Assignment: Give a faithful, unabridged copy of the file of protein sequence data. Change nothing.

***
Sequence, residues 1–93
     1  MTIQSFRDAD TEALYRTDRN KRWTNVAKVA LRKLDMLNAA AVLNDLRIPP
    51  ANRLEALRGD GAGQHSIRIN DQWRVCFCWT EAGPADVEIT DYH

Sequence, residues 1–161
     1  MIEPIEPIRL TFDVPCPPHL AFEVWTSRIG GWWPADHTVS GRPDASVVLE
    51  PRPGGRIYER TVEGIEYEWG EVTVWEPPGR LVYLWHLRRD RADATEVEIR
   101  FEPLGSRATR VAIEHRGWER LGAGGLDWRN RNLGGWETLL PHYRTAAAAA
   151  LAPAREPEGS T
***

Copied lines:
Sequence, residues 1–93
     1  MTIQSFRDAD TEALYRTDRN KRWTNVAKVA LRKLDMLNAA AVLNDLRIPP
    51  ANRLEALRGD GAGQHSIRIN DQWRVCFCWT EAGPADVEIT DYH

Sequence, residues 1–161
     1  MIEPIEPIRL TFDVPCPPHL AFEVWTSRIG GWWPADHTVS GRPDASVVLE
    51  PRPGGRIYER TVEGIEYEWG EVTVWEPPGR LVYLWHLRRD RADATEVEIR
   101  FEPLGSRATR VAIEHRGWER LGAGGLDWRN RNLGGWETLL PHYRTAAAAA
   151  LAPAREPEGS T